By Kevin Parrish – Record Staff Writer.
STOCKTON – A diet of lizards, roots, crickets and snakes. A village full of corpses. Months and months of hiding. The fear of being discovered and killed.
Hann Soy’s formative childhood years – from the ages of 8 to 12 – were spent in the jungle between Cambodia and Thailand. He experienced things most people don’t even want to imagine.
That was in the late 1970s.
Today, Soy is an ambassador of goodwill in the lives of Stockton’s troubled young people, a 43-year-old community outreach worker for Lodi Unified School District with a bewildering personal history.
How Soy survived Pol Pot and the murderous Khmer Rouge regime – eventually making his way to America – is a story of perseverance, bravery and good fortune. It is the latest immigrant’s tale, history still being written.
Multiply Soy’s story by the thousands, and a sense of Stockton’s Cambodian community begins to emerge.
There have been scatter-shot efforts by individuals to tell the tale of horror, but, until now, no one has taken a comprehensive look at the collective experience.
That’s about to change.
An ambitious, first-of-its-kind oral history project is under way. It is designed to capture the amazing, courageous stories of Stockton’s first-generation Cambodian refugees.
The undertaking is officially known as the Stockton Cambodian Oral History Project. It is being funded by a $7,500 grant from the Stockton Arts Commission and a recent $10,000 grant by Cal Humanities.
It is an all-volunteer venture involving Pacific, San Joaquin Delta College, The Record, the San Joaquin County Historical Society and Stagg High School. A dozen Stagg students are involved in videotaping interviews.
“It’s a piece of history that we all should share with the community,” Soy said. “It’s very rare to be able to talk to people who still have flashbacks of a terrible time.”
Soy provided one of the most compelling interviews for the project, which hopes to encompass an exhibit of artifacts and photographs, school and community presentations and a multimedia website.
A documentary video focused on Stockton’s Cambodian New Year celebration will premiere in May at University of the Pacific’s Janet Leigh Theatre. Eventually, a more comprehensive film is planned.
At 8, Soy was torn from his family by the Khmer Rouge. After months of slave labor (“I saw hundreds of young boys and girls my age die in the rice fields”), he escaped. Soy returned to his village and found his parents, weighing about 60 pounds each, barely alive.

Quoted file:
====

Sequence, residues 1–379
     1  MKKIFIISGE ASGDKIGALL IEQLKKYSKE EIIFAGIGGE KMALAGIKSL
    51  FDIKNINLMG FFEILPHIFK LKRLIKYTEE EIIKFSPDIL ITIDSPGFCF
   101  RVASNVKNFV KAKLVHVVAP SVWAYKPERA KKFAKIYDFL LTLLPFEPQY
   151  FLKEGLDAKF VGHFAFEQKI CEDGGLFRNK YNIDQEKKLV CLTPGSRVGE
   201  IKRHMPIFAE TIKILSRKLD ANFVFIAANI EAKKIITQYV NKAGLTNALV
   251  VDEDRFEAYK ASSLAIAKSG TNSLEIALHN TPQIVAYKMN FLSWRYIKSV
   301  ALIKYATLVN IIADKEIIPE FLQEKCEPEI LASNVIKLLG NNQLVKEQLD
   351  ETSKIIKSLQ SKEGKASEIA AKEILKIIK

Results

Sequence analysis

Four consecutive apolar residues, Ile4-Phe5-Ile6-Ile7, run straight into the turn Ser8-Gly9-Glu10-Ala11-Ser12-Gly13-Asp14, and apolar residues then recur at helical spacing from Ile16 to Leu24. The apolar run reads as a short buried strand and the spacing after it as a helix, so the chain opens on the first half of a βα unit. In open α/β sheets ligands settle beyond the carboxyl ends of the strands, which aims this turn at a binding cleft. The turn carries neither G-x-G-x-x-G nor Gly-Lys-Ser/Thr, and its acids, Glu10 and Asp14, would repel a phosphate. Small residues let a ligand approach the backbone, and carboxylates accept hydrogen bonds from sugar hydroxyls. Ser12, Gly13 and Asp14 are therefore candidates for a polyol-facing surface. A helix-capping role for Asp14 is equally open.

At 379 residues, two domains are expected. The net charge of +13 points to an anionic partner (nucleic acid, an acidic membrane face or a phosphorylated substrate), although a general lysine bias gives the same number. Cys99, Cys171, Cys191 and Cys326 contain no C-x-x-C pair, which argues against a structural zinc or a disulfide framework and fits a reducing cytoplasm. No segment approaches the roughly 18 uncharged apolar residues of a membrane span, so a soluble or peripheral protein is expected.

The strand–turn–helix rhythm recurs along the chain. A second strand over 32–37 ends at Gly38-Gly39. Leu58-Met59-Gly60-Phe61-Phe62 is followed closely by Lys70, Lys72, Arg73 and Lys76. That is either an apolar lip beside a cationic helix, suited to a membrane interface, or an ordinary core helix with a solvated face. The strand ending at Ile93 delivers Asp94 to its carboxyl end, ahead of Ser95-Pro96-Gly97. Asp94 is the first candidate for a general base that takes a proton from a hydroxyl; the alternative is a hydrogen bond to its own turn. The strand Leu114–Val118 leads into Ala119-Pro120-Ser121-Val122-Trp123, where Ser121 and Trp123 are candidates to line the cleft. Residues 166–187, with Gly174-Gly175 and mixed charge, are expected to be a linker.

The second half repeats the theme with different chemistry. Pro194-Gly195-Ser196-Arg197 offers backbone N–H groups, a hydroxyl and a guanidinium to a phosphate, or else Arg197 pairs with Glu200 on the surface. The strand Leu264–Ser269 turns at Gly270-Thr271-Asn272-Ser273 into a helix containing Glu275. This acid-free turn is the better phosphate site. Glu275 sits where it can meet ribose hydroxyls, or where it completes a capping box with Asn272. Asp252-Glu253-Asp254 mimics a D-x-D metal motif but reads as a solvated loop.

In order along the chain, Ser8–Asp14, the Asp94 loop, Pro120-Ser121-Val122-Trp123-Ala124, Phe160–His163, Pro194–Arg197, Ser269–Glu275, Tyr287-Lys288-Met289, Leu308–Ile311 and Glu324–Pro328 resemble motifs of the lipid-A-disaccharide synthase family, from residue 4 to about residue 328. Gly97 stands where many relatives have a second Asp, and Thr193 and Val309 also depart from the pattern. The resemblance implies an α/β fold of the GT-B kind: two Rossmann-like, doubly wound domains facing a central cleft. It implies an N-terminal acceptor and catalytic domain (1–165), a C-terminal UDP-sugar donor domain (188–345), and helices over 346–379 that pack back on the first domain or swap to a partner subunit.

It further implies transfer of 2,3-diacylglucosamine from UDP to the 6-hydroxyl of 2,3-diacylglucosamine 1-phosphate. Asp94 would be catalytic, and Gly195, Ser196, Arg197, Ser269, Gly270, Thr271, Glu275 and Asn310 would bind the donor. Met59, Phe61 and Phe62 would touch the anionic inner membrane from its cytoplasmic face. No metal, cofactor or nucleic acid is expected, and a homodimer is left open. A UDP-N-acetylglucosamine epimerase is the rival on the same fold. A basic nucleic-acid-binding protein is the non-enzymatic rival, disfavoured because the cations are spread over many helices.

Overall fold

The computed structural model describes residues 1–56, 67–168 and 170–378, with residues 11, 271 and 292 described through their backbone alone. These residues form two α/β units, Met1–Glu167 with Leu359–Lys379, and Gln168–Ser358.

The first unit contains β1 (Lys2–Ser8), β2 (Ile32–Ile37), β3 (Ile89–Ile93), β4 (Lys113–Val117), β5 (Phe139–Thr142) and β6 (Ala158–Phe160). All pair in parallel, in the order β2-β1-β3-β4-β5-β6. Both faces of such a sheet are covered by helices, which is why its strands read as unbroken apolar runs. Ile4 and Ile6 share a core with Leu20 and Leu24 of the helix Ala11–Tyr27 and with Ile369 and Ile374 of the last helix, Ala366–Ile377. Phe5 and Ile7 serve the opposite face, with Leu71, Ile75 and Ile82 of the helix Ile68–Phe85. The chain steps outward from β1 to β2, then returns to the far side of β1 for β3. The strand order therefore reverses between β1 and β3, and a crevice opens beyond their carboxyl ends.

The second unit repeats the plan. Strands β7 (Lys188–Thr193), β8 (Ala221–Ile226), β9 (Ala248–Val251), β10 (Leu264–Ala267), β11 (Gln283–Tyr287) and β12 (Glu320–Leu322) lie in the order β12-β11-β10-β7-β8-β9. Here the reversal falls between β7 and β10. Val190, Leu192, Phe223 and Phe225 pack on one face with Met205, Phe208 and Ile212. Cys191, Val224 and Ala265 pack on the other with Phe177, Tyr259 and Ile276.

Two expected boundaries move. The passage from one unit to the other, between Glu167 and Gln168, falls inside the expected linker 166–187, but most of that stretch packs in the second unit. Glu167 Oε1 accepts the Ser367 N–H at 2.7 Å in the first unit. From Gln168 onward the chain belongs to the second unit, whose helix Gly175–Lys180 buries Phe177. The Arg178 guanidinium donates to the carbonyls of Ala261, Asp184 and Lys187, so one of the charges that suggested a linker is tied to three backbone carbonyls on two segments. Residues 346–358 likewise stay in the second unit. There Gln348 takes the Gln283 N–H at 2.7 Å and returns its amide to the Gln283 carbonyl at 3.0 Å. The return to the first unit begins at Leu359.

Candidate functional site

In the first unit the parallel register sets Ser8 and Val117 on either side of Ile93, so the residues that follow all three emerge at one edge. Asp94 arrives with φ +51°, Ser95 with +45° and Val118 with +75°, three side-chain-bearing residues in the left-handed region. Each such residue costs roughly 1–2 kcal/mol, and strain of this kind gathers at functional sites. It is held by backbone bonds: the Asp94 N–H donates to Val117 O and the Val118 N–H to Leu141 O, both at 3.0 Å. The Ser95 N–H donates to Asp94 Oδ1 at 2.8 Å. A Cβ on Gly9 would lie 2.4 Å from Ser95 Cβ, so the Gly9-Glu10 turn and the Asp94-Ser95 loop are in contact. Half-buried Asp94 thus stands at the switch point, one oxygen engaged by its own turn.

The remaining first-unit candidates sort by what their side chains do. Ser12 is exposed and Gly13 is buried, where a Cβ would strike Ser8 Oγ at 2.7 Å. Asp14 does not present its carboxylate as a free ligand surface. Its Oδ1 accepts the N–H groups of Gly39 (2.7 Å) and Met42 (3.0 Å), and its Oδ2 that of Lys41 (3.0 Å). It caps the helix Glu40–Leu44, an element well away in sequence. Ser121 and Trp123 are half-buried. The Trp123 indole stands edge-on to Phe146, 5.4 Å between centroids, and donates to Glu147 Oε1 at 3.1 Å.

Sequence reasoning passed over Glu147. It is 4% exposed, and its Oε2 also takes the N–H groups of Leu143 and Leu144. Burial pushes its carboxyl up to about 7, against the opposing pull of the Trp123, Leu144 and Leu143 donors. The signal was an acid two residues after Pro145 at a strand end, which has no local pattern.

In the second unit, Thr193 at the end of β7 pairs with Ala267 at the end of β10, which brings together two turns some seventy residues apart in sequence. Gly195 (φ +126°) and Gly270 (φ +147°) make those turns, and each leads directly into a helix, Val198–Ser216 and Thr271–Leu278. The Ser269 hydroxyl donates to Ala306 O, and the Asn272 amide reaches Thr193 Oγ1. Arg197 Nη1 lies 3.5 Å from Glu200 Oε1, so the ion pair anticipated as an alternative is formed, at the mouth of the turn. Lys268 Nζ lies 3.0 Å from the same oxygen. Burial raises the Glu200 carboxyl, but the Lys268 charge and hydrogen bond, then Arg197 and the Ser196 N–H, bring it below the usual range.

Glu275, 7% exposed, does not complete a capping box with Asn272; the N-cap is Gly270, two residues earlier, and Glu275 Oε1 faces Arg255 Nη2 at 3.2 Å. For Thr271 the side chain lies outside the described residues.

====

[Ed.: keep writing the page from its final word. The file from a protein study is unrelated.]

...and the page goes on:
For the next 31/2 years, the family of five (“We have a 1 percent chance to live, but we do”) hides in the jungle.
Up to 2 million others didn’t. They starved, they were murdered, they were killed by land mines, they got sick and died.
Eventually, Soy’s family found their way to refugee camps in Thailand (“I cried, and I walked into the shelter”) and the Philippines (“We have freedom”). After five more years, the family was approved to go to the United States, eventually settling in Stockton.
The details of Soy’s story would fill a book, and the multitalented man has started a manuscript that he has titled “Away, But Not Apart.” He also spends much of his time speaking before school assemblies and using his life story to help steer troubled young people in the right direction.
He is an accomplished artist who, without formal training, has learned how to bring a canvas alive with stark, sharp lines and colors.
Soy’s dramatic journey is already recorded as part of the oral-history project. There are as many as 16,000 Cambodians living in Stockton, 5 percent of the city’s population. The city has the fifth-largest Cambodian community in the United States and the second-largest in California (Long Beach has 50,000).
Stockton project organizers hope to conduct as many as 60 interviews.
“We just have this amazing, extraordinary population of people here that the larger community might not appreciate, or know, their stories,” said Elizabeth Roberts, project director and a copy editor with The Record. “These people have turned into such assets.
“They personify what it means to be an American.”
One of Soy’s concerns is that younger, American-born Cambodians are losing their connection to their culture. “I hope this helps open up communication,” he said. “I wanted to share my story. I hope what I said can make this project stronger. I am not afraid.”
In late 2011, Soy added another chapter to his life story when he became an American citizen – one year after his boss, British-born Louise Roachford-Gould, took the citizenship oath.
Roachford-Gould is principal at Creekside Elementary School, where Soy has his office.
“He’s a national treasure,” she said.
Original Article from: www.recordnet.com